Uhuru meets Jubilee leaders to unlock IEBC impasse

President Uhuru Kenyatta held a meeting with Senior Jubilee MPs on Monday to try and find common ground on the mounting clamour to change electoral laws.The meeting was attended by about 50 members of the Jubilee alliance from the Senate and the National Assembly at State House,Nairobi.

They gathered at 9am and left at about 2.30pm .The Deputy President William Ruto chaired the first session and President Kenyatta joined them at midday.Senate Majority Leader Kithure Kindiki and his National Assembly counterpart Aden Duale led the delegation.

An initial plan by Jubilee to mobilise its supporters to counter the Cord demonstrations appears to have been shelved. The Justice and Legal Affairs Committee of the National Assembly was also reported to have started talks to break the deadlock over the electoral commission.

Multiple sources who attended the State House meeting indicated the ruling coalition was digging in for a protracted fight with the Opposition.They resolved that any engagement on changing the electoral landscape must be done through Parliament.

The process, it was agreed, will not involve the removal of commissioners from office.Further, there was an agreement that President Kenyatta will not agree to meet Cord if the ouster of the IEBC chiefs is part of the agenda.

During the State House meeting, Starehe MP Maina Kamanda was among those who took a hardline stance that there would be no budging while another camp coalescing around Runyenjes MP Cecily Mbarire was of the view that some aspects of reforms were needed to help tone down the political temperature.

The rest have adopted a hardline stance arguing that yielding to the demand to change the composition of the electoral commission would be emboldening the Opposition.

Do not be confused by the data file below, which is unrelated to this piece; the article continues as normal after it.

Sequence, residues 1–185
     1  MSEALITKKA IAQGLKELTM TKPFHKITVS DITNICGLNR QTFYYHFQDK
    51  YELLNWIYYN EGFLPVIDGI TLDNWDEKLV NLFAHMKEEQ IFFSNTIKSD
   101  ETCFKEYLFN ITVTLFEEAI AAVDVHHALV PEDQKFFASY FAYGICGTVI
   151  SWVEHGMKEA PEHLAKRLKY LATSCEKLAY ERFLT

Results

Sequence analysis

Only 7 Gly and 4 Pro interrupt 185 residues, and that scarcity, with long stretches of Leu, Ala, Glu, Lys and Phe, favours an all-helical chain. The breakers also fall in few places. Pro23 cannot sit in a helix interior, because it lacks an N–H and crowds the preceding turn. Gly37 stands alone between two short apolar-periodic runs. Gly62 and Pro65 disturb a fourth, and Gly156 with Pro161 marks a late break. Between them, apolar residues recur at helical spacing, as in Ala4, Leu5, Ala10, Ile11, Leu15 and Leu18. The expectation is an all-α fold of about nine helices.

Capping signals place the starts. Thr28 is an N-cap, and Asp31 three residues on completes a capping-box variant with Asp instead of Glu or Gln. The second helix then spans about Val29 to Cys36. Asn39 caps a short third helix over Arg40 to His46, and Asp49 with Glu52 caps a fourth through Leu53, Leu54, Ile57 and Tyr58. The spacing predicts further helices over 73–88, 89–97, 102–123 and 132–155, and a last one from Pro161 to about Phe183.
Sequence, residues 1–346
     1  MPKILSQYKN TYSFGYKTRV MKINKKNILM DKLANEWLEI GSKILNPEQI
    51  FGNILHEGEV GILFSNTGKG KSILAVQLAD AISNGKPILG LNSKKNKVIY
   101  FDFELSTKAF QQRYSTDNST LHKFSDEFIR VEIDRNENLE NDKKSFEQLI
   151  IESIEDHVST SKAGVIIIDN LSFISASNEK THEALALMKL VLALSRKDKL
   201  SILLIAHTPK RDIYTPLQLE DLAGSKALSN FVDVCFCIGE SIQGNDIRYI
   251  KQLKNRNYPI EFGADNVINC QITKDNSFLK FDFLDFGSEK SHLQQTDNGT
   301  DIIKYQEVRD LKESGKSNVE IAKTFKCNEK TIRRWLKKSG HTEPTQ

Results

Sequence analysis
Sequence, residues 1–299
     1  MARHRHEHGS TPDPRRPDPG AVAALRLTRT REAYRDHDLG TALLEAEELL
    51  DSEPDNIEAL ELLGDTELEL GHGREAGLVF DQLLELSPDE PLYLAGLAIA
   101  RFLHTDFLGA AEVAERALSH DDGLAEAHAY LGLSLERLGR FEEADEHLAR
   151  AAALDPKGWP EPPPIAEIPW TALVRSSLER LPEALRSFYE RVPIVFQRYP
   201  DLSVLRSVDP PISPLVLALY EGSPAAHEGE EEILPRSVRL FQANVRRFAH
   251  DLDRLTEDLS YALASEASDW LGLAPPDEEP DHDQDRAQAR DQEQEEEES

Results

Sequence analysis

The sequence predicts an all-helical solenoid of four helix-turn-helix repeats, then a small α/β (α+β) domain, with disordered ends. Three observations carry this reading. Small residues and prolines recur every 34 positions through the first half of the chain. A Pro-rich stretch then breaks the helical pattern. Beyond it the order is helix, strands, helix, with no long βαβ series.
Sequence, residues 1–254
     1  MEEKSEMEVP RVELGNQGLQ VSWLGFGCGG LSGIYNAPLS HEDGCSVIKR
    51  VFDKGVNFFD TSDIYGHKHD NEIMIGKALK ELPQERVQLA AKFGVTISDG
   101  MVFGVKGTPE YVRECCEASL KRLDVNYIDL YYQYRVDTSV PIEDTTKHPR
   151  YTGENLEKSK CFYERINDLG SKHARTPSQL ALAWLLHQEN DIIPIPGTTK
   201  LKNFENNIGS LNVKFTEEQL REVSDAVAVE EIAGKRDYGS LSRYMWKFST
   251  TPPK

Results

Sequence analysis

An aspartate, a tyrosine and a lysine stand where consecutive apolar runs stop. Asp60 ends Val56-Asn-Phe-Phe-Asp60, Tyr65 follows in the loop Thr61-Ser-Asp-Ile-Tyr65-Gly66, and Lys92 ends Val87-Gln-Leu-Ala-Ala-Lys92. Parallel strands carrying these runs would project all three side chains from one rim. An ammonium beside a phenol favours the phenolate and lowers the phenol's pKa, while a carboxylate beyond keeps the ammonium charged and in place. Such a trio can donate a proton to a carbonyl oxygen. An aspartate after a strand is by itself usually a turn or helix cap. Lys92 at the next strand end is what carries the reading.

The meeting also resolved that if Cord agrees to the parliamentary route, a select committee would be set up to handle the matter.

Unlike parliamentary legal committees which are restricted in their mandate by Standing Orders, a Select Committee would have the authority of both Senate Speaker Ekwe Ethuro and his counterpart from the National Assembly Justin Muturi.

The move to have Parliament take the lead is seen as setting the stage for what will be an acrimonious exchange with the Opposition as Jubilee is sure to have its way in the bicameral House, given its numerical strength.

And to cement this, just two days after the meeting, Deputy President William Ruto, who was in Gatundu, said they are ready for dialogue, but only anchored in the Constitution and through parliament, echoing resolutions of the Monday meeting.

The meeting resolved that views will be collected from all stakeholders including political parties, the electoral commission, religious organisations, civil society, among others in what will be called the “National Conversation” and not national dialogue as Cord has proposed.

The MPs also agreed that Jubilee should not be seen as defending the embattled commission as doing so would reinforce the position held by the Opposition that it favours them.

With both Jubilee and Cord taking opposing stances, the country is in for a long drawn showdown on whether the electoral commission should be reconstituted or not.

That same Monday CORD was staging demonstrations to eject IEBC commissioners out of office.Cord leader Raila Odinga said that on Tuesday,he had written to the President asking for dialogue to agree on the fate of the IEBC before the August 8 elections next year.

CORD has reiterated its plans to continue with demonstrations on Monday to push out the chairman and commissioners of the Independent Electoral and Boundaries Commission who they accuse of bias, corruption and incompetence.

The Opposition has accused the electoral body of helping Jubilee rig the presidential vote in the 2013.Cord claims the script will not be different next year claiming that top election officials have agreed to rig in favour of the ruling coalition.

Both Jubilee and the commission have dismissed the allegations as untrue.

The Opposition has indicated that it may boycott the elections should the Hassan-led team be the referee next year.

The Kenya Conference of Catholic Bishops and the National Council of Churches of Kenya say strengthening the electoral commission’s capacity to conduct free and fair polls would be key to ensuring a peaceful 2017 General Election.Foreign envoys, including United States, Germany and British have also called for a sober approach.